Legacy STEM Pioneer: Benjamin Bradley
As a slave in the mid-19th century, Benjamin Bradley was bright and embodied great mechanical talents, according to the University of California Irvine. His master secured a position for Bradley as a helper in Annapolis’ department of Natural and Experimental Philosophy, never realizing the slave would become one the great black STEM pioneers. Of the many inventions he created, one would be the key to unlocking his door to freedom. Using excerpts from James Haskins’ “Outward Dreams: Black Inventors and Their Inventions,” the University of California Irvine reveals that after selling his model steam engine, Bradley was able to build “an engine large enough to drive the first cutter of a sloop-of-war at the rate of sixteen knots an hour.” Literate in algebra and geometry, Bradley eventually used his wages to buy his own freedom.
Today’s STEM Leader: Aressia McDonald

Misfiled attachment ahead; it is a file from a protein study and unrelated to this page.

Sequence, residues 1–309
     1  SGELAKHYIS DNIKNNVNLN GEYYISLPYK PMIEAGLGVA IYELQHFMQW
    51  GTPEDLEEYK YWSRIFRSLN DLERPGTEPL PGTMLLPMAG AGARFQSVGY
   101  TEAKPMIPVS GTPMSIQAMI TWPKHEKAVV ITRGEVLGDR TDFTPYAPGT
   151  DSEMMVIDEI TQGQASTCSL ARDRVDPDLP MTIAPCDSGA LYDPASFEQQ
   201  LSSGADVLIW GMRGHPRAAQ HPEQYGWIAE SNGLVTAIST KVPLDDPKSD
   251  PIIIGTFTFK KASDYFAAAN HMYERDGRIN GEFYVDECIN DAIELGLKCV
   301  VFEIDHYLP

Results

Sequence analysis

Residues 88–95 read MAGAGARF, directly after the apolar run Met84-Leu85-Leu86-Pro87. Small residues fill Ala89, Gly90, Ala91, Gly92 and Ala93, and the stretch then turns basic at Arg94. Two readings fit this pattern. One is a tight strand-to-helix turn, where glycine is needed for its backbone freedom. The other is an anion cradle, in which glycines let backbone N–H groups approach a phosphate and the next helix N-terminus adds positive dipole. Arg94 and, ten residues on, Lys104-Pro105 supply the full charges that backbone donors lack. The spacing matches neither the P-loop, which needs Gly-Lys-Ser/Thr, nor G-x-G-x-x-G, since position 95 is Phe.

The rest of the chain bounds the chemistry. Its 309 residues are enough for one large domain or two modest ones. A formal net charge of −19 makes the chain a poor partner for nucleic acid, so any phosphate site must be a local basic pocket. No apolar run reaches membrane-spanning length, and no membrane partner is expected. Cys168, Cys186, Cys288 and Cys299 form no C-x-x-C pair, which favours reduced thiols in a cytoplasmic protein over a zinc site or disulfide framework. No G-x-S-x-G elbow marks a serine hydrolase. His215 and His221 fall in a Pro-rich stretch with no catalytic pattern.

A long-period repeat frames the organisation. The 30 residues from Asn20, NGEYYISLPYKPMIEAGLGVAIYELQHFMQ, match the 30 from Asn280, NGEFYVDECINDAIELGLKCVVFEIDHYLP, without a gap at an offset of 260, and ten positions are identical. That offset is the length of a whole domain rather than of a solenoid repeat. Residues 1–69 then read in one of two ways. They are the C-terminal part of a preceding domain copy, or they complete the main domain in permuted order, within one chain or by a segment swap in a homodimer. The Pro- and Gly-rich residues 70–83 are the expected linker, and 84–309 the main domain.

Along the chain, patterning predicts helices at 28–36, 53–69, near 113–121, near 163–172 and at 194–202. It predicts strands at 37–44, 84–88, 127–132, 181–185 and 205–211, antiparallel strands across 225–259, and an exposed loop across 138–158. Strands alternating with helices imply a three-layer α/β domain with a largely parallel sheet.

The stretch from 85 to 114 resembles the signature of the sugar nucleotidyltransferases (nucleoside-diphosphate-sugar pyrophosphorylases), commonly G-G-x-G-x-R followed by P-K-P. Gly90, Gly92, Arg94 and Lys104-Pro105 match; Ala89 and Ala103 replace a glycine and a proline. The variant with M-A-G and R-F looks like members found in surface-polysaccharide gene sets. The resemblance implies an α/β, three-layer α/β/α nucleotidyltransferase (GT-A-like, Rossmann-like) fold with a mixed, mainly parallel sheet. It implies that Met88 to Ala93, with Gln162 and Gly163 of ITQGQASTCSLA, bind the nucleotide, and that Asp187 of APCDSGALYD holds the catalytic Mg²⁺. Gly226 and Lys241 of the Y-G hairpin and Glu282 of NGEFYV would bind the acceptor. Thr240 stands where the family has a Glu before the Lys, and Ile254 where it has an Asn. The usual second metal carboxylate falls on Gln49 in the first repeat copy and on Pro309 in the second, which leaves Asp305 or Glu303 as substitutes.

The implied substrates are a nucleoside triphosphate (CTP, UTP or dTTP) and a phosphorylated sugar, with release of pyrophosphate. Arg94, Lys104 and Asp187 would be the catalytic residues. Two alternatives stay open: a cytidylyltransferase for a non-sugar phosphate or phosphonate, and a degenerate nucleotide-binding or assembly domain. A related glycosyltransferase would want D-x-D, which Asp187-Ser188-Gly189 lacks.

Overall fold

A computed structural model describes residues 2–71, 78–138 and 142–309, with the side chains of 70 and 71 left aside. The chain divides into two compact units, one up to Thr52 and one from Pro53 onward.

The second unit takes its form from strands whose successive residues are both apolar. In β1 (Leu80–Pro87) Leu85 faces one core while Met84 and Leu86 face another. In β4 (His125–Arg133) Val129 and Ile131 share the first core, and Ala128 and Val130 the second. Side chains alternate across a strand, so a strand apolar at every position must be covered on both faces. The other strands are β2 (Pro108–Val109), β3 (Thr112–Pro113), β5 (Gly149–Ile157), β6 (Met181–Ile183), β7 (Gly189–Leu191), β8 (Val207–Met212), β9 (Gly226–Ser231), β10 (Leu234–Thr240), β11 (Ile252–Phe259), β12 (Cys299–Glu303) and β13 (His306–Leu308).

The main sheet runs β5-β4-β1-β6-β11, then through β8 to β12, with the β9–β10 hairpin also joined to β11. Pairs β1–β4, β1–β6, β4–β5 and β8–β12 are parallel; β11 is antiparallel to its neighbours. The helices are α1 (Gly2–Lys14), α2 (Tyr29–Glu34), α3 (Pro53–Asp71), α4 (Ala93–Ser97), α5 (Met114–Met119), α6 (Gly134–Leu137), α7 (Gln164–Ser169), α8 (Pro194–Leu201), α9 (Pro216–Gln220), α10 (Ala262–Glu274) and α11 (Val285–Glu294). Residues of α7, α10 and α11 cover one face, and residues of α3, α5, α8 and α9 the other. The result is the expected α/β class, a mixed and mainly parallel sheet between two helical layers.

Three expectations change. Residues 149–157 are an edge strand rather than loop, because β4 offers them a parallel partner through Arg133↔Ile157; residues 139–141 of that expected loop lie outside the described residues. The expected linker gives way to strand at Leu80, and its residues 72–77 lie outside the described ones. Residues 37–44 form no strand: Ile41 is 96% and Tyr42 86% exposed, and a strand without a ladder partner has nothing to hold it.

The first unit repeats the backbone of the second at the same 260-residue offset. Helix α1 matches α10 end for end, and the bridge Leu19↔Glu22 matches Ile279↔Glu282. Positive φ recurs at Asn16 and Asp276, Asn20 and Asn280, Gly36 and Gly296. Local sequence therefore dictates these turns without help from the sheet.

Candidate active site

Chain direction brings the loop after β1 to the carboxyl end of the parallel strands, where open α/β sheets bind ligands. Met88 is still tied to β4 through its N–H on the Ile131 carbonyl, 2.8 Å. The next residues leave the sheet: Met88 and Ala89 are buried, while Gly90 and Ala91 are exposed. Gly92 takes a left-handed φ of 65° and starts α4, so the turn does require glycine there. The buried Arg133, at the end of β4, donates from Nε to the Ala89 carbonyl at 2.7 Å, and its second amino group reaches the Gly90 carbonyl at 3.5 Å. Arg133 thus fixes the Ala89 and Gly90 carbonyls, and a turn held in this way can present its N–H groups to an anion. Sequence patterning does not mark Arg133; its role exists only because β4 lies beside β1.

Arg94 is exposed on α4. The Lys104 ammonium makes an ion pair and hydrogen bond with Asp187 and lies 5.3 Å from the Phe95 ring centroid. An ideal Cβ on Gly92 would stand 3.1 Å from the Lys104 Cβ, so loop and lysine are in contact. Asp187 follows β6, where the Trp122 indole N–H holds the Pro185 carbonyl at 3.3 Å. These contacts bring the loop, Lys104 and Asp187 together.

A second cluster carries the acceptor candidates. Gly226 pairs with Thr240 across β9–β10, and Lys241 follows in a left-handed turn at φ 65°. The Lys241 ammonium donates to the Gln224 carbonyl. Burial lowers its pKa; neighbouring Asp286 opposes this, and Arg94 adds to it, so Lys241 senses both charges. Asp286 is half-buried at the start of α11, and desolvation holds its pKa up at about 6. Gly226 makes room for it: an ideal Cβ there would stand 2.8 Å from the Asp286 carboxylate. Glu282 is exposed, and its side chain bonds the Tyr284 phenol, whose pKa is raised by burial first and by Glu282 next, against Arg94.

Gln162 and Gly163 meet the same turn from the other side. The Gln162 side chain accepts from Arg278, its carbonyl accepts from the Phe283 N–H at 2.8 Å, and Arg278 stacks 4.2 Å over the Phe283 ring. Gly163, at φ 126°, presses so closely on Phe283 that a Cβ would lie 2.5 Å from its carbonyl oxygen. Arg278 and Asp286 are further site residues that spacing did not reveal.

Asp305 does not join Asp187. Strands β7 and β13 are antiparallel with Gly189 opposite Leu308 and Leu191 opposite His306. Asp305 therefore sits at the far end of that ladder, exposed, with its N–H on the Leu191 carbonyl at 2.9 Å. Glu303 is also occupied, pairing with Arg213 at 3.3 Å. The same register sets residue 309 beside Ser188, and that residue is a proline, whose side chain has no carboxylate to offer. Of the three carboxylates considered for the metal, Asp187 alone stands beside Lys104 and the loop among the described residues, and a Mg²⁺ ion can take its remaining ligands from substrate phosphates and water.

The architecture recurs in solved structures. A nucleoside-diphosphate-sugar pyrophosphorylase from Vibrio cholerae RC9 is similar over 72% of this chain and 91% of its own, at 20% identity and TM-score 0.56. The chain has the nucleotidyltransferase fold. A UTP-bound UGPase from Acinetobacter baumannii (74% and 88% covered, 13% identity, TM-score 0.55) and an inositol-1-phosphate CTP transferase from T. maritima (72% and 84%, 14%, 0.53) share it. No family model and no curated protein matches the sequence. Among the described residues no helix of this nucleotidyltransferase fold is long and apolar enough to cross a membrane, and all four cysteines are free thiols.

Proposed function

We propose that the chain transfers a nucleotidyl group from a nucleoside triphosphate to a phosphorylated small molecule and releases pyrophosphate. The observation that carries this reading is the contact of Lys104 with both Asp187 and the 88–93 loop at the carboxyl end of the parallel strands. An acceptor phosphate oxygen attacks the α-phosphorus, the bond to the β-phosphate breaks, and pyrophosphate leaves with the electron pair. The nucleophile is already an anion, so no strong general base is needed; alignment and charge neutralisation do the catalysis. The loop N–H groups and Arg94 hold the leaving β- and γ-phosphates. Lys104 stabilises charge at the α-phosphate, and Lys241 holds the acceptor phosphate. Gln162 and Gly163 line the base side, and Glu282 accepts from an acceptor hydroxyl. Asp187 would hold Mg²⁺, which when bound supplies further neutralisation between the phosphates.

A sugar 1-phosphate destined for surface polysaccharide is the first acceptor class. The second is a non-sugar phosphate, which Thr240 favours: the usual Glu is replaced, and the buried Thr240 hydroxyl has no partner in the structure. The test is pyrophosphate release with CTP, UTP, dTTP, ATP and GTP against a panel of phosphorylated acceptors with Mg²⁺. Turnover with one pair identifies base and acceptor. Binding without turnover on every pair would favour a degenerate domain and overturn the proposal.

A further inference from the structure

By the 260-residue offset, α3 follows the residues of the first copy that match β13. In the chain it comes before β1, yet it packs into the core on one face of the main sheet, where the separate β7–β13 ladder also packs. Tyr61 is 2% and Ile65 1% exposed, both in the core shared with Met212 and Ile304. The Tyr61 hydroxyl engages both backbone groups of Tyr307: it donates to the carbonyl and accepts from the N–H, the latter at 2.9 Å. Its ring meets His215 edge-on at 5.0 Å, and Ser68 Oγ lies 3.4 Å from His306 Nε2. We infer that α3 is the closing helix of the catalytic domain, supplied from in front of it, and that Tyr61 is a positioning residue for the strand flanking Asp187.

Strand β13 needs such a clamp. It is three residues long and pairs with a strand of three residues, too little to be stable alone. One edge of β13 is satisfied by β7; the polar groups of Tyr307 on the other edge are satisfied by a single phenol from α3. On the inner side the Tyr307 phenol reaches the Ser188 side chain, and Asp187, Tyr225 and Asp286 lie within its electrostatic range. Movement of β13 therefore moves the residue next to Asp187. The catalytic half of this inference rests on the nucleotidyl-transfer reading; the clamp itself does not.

Though she is still only a few years out of undergraduate work at Jackson State University, Aressia McDonald is one of the next-generation black STEM pioneers to watch. Following only one year of working with Lockheed Martin, McDonald was named the 2016 Lockheed Martin Black Engineer of the Year. As one of today’s innovative black STEM pioneers, McDonald has gained a lot of recognition, as the company’s chairman, president and CEO Marillyn A. Hewson recalled how Lockheed Martin recognized the candidate’s potential immediately. “Like a lot of the people we meet at BEYA (Black Engineer of the Year Awards), Aressia really impressed us. We made her an offer on-the-spot and she accepted a position as part of our Engineering Leadership Development Program.” There is no doubt her success will continue and we will see great contributions from McDonald in the future.